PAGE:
by Nancy Churnin
When Dana Schultes first tried to get the rights to do Ann, Holland Taylor's one-woman play about Texas Gov. Ann Richards, Stage West founder Jerry Russell was still alive; Russell's daughter, Wendy Davis, was making national waves as a Texas state senator; and Schultes had no clue that Taylor would take her show to Broadway and be nominated for a Tony Award.
Now, the indefatigable Schultes has moved into a leadership role at Stage West as executive producer, and is about to direct the first production of Taylor's play with a different actress — Dallas' Linda Kay Leonard — for an area premiere in Fort Worth.
Schultes is doing it with the blessing of Taylor, who has given her lots of input on her vision for the show, and with a fortuitous alignment of the political stars. After all, when the show about a trailblazing female politician in Texas had its first workshop in 2010 in Galveston under the name Money, Marbles, and Chalk, no one knew the country would be heading for an election featuring a trailblazing female candidate for president this fall.
The show was renamed Ann: An Affectionate Portrait of Ann Richards, when it opened in Chicago in 2011 and played at the Kennedy Center in Washington, D.C., from 2011 to 2012. It opened as Ann on Broadway in 2013.
"I'm really into politics, and as I kept watching this election take shape, I couldn't help but think about my own personal heroes in politics, and Ann Richards was one of them," Schultes says.
It took chutzpah for a small professional theater company to pursue rights for the first license for such a high-profile show identified with an Emmy Award-winning actress who had been a personal friend of Richards, Schultes acknowledges. It helped that Kevin Bailey, who produced Ann, and the rest of the production team had strong Texas ties.
And though Russell died in 2013, he managed to provide Schultes with an assist, she notes.
"When I mentioned that Wendy Davis was Jerry's daughter, that sealed the deal for Holland," Schultes says. "She felt this was the right place to be the first place to do the show without her."
Schultes went to see Taylor perform Ann at the Zach Theatre in Austin in April. It was a two-show day, and Taylor talked with Schultes between performances.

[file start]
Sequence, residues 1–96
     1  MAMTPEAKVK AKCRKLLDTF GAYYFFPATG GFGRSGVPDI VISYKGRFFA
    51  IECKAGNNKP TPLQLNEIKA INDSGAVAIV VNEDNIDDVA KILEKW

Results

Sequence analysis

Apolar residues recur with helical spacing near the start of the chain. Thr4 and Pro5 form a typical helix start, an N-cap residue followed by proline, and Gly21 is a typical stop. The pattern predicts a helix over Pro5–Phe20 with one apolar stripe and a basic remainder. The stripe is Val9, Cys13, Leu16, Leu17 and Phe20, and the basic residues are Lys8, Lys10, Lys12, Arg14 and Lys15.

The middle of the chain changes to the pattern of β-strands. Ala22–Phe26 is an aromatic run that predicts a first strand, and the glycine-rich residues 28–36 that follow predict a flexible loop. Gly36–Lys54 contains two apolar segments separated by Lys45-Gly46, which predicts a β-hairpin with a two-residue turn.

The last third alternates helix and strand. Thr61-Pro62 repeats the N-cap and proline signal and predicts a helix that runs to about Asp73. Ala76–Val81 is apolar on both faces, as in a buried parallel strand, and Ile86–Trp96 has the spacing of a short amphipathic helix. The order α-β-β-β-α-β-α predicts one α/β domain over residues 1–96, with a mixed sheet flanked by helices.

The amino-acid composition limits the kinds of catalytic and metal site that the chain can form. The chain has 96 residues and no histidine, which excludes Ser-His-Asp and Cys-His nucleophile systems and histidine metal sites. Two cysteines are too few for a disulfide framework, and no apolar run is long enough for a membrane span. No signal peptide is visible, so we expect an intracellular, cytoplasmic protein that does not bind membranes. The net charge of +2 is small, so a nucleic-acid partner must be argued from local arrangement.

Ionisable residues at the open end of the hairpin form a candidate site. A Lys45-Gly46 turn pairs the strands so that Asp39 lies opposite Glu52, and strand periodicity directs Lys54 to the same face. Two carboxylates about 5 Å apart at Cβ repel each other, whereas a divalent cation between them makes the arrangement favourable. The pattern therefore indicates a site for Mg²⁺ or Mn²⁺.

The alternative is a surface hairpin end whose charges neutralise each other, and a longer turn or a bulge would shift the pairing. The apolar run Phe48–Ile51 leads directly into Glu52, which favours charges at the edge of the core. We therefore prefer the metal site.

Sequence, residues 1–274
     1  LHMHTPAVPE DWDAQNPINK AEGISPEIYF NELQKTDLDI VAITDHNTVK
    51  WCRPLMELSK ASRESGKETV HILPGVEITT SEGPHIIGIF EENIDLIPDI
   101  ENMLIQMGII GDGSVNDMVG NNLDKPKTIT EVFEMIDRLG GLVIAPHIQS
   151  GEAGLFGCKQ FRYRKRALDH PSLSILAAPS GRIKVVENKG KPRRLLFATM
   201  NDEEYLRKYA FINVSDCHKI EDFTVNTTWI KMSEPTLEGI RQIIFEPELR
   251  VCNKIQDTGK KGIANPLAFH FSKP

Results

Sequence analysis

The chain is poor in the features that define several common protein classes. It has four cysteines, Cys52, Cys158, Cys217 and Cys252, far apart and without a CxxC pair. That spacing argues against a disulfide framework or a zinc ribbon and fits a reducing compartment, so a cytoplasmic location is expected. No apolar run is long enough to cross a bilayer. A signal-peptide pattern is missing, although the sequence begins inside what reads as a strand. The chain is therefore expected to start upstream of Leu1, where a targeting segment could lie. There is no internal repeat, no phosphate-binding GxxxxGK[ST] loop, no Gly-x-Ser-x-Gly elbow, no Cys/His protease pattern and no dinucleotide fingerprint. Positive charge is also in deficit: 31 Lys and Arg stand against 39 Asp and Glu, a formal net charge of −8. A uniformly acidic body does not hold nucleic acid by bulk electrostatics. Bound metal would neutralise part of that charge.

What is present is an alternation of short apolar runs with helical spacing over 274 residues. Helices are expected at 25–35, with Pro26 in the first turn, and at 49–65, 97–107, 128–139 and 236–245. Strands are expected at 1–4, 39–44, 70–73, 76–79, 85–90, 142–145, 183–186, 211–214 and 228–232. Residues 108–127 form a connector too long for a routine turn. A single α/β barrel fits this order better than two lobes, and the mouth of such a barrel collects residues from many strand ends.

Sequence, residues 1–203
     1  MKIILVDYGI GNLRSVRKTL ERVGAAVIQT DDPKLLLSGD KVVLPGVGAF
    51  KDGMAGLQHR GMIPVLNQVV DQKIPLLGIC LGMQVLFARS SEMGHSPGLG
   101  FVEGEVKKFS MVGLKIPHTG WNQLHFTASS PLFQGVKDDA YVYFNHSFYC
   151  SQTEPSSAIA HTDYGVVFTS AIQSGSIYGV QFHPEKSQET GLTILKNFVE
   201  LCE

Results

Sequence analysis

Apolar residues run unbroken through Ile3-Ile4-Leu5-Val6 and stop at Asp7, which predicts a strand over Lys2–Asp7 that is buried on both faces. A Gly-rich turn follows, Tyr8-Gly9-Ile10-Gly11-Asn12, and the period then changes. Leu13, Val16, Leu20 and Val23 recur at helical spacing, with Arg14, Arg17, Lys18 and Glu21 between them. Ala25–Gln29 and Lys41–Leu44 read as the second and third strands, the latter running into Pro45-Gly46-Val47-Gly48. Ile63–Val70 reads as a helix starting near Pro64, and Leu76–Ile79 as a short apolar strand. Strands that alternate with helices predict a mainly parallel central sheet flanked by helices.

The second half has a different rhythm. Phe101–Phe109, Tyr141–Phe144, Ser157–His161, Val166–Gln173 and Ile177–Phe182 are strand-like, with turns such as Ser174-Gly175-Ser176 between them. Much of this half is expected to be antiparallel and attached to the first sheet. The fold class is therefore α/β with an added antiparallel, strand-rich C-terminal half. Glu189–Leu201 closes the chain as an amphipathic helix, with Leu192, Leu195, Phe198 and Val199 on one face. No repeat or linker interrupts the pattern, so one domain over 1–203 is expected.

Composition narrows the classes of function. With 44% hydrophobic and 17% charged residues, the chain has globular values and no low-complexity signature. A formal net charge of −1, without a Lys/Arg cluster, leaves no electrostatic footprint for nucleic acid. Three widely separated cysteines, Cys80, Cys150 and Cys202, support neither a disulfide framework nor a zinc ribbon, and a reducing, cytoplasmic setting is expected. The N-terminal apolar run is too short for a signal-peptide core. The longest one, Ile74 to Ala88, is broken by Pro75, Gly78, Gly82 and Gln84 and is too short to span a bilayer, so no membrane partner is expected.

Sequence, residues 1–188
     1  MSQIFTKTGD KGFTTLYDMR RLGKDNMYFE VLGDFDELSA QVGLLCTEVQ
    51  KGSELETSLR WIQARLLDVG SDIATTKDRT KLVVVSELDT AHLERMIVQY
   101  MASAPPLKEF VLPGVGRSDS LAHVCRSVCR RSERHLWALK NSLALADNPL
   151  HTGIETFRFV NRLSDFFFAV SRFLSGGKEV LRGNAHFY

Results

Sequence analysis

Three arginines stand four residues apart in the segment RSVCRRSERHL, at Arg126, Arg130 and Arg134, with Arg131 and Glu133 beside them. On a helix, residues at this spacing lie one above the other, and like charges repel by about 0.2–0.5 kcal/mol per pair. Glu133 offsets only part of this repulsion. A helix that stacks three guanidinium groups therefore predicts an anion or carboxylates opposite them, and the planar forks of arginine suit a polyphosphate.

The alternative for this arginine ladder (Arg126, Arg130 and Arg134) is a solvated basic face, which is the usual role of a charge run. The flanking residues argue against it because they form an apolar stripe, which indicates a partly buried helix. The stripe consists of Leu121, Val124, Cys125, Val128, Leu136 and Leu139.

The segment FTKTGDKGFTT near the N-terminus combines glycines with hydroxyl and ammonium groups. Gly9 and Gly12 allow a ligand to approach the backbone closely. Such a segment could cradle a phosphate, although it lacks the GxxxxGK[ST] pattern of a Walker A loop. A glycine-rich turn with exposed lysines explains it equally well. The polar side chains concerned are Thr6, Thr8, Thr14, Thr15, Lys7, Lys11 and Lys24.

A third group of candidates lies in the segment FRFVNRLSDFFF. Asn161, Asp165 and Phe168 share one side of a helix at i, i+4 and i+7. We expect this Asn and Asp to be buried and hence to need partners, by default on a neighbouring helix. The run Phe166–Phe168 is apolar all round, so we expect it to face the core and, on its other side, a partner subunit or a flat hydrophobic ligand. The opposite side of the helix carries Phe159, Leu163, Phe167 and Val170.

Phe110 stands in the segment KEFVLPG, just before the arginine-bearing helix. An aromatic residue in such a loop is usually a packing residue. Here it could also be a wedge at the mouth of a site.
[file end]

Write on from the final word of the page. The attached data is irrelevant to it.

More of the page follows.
"She said hello and gave me a full list of the things she felt was necessary to make the show a success. She was charming and fun and talked almost nonstop. When she finished relaying all the information, she said, 'Now I have to go take a nap,' because she had to take a nap between shows. It's such a grueling performance."
Taylor is back on Broadway, in previews for The Front Page, which is scheduled to open Oct. 20 with Nathan Lane, Robert Morse and Jefferson Mays. Still, she found time to continue conversations about Ann with Leonard, who reached out to her on Facebook before she auditioned.
"She got back to me right away and said to let her know how it goes," Leonard says.
"A week before I auditioned, she messaged me, 'Are you ready?' "
Later, after Leonard landed the part, "We talked for 2 1/2 hours about Ann and her colleagues and her friendships with Bill and Hillary Clinton and what people were saying on those phone calls where the audience is just hearing Ann's side of the conversation. She wanted me to have all the information I needed to do the play well."
Richards drew national attention for her powerful and funny speech on behalf of then-presidential candidate Bill Clinton at the 1988 Democratic convention, whose opponent was George H.W. Bush. Richards surprised many when she ran for governor of Texas in 1990 and won.
There are intriguing parallels to the current national race, in which Republican presidential candidate Donald Trump's income taxes have become an issue in his match against Democratic candidate Hillary Clinton. Richards' Republican opponent in 1990, Clayton Williams, was a millionaire who lost his lead after he admitted he didn't pay 1986 income taxes.
Richards, who died in Austin in 2006, served from 1991 to 1995. She was defeated in 1994 by George W. Bush, the son of the man she'd helped Bill Clinton defeat. The younger Bush would succeed Clinton as president. There haven't been any Democratic governors in Texas since.
On Broadway, Ann drew the political elite, much as Hamilton would do when it opened two years later. The Clintons attended, as did former U.S. Rep. Gabrielle Giffords of Arizona and her husband, former astronaut Mark Kelly, all of them snapping photos with Taylor after the show.
Stage West had a big success with another one-woman show about a person with strong political opinions. Red Hot Patriot: the Kick-Ass Wit of Molly Ivins, about Texas political columnist Molly Ivins, was presented by the company in 2012 and moved to WaterTower Theatre in Addison in 2013.
Advance sales for Ann have been strong, Schultes says.
Leonard says she hopes the play will bring people of different political beliefs together.
"I would love for people to come who knew her and for people to come that haven't known her so that they can see there's hope," Leonard says. "Government is the most pervasive institution in our lives. If we don't participate, we're letting other people make a whole lot of important decisions for us. We've gotten to such a negative place about our political state, we need to be reminded of good people in the past so we know there can be good people in the future."
Schultes says she feels it's not only been worth the journey to get the play, but that the timing couldn't have been better.
"I don't think anyone would have predicted we would have the election as it has turned out with the candidates," Schultes says.
"It feels like it was fate."